A non-SI* unit of length used to express wavelengths of light, bond lengths, and molecular sizes. 1 Å = 10-10 m = 10-8 cm.

atto-. (a)
Prefix used in the SI* system meaning "multiply by 10-18". For example, 3 am means 3× 10-18 meters.

base unit.
Base units are units* that are fundamental building blocks in a system of measurement. There are seven base units in the SI* system.

Calibration is correcting a measuring instrument by measuring values whose true values are known. Calibration minimizes systematic error*.

Celsius. (°C) Celsius temperature scale; Celsius scale.
A common but non-SI* unit of temperature, defined by assigning temperatures of 0°C and 100°C to the freezing and boiling points of water, respectively.

centi-. (c)
Prefix used in the SI* system meaning "one hundredth of". For example 1 cm means "one hundredth of a meter"; 2.3 cg could also be written "2.3 × 10-2 g" or "0.023 g".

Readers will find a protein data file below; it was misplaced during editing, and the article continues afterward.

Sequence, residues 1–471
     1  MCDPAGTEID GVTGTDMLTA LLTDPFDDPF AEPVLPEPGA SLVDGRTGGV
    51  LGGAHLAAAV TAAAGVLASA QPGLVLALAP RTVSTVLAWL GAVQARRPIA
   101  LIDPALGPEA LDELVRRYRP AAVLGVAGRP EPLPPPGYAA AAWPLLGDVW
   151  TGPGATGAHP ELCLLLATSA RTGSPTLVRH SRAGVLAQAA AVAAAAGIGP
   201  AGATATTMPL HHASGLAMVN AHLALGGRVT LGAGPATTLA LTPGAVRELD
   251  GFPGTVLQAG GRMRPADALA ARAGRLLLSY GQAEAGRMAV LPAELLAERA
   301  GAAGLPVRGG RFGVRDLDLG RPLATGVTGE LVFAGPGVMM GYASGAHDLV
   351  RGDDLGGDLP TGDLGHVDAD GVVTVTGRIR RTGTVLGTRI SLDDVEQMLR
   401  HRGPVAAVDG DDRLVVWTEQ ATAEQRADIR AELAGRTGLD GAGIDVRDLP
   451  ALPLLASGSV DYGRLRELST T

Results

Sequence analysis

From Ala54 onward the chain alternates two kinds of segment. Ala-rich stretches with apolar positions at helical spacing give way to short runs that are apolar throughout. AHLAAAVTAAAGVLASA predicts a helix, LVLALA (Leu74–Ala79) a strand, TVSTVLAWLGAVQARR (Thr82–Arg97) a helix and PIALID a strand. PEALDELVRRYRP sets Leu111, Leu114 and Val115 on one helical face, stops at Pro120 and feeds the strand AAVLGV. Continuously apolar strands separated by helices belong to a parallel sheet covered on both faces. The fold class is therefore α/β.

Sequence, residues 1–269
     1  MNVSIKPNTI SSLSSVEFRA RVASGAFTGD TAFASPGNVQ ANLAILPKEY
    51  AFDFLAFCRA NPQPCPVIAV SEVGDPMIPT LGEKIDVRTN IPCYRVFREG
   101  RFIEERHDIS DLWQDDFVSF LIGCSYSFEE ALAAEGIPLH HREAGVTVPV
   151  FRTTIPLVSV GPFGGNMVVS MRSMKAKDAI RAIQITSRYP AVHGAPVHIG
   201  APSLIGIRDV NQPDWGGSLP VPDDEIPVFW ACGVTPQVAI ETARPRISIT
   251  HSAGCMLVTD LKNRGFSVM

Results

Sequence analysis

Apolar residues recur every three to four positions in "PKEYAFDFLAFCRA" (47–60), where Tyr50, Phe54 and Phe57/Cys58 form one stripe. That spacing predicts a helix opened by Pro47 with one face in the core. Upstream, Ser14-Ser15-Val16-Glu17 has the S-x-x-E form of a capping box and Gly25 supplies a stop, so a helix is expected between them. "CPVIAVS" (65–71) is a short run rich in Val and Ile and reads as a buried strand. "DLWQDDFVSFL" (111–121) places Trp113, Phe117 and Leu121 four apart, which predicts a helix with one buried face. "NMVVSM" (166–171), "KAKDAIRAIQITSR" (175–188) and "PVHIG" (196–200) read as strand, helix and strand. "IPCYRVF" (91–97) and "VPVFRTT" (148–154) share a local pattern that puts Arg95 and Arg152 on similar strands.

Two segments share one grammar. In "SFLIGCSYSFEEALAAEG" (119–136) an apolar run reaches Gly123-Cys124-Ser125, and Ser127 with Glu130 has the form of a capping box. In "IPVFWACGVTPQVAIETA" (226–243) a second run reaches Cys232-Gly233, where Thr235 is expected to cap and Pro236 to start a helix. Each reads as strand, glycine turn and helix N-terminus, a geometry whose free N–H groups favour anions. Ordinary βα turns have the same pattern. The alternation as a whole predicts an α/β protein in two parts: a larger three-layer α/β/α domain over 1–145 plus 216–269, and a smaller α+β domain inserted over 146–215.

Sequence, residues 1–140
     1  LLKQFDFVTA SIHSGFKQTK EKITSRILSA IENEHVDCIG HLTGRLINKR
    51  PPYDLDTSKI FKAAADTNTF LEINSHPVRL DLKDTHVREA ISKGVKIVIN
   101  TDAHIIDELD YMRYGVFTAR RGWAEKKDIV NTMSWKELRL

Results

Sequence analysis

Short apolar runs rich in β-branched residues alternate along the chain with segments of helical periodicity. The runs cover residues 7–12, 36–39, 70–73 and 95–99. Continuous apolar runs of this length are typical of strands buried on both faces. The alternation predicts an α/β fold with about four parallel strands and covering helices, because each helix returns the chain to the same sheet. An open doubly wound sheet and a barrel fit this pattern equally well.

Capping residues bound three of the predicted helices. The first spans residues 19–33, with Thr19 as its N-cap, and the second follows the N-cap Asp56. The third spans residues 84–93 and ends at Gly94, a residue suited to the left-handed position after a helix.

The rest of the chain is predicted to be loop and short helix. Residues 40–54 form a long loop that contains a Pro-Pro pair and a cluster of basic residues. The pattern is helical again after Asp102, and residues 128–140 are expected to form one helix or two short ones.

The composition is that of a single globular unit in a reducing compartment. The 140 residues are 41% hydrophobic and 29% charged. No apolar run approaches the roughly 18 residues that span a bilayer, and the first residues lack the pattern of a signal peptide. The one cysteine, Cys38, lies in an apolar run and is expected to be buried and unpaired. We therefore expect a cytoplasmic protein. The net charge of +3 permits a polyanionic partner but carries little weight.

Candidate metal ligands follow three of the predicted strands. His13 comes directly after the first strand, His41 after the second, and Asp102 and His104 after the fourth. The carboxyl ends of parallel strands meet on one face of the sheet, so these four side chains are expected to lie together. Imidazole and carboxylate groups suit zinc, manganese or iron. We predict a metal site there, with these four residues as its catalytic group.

cgs. Compare with SI*.
An older metric system of units that uses centimeters, grams, and seconds as base units.

conversion factor.
A conversion factor is a fraction that relates one unit to another. Multiplying a measurement by a conversion factor changes the units of the measurement. For example, since 1 in = 2.54 cm, to convert 10 inches to centimeters,
(10 in)= 25.4 cm
2.54 cm
1 in

coulomb. (C)
The SI* unit of electric charge, equal to the amount of charge delivered by a current of 1 ampere* running for 1 second. One mole of electrons has a charge of about 96487 C.

density. (rho,d) Compare with specific gravity*.
Mass of a substance per unit volume. Saying "the density of mercury is 13.55 g/cm3 " is the same as saying "the mass of exactly 1 cm3 of mercury is 13.55 g".

derived unit.
Derived units are units* constructed from the SI* system's base units*. For example, the SI unit for density is kg/m3, derived from the base units kg and m.

dyne. (dyn)
The unit of force in the obsolete cgs* system of units. A dyne is the force required to accelerate a 1 g mass by 1 cm/s per second.